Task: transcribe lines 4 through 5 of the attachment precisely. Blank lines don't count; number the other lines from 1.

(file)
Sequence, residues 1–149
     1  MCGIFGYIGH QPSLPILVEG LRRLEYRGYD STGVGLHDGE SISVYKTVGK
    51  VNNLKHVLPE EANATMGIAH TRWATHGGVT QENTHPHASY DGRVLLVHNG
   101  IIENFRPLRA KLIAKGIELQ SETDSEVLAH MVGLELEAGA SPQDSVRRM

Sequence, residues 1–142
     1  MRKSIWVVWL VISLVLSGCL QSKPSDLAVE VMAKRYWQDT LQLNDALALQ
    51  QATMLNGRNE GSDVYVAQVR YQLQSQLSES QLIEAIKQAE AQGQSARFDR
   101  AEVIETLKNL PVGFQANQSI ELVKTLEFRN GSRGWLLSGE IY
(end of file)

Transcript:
   101  IIENFRPLRA KLIAKGIELQ SETDSEVLAH MVGLELEAGA SPQDSVRRM

Sequence, residues 1–142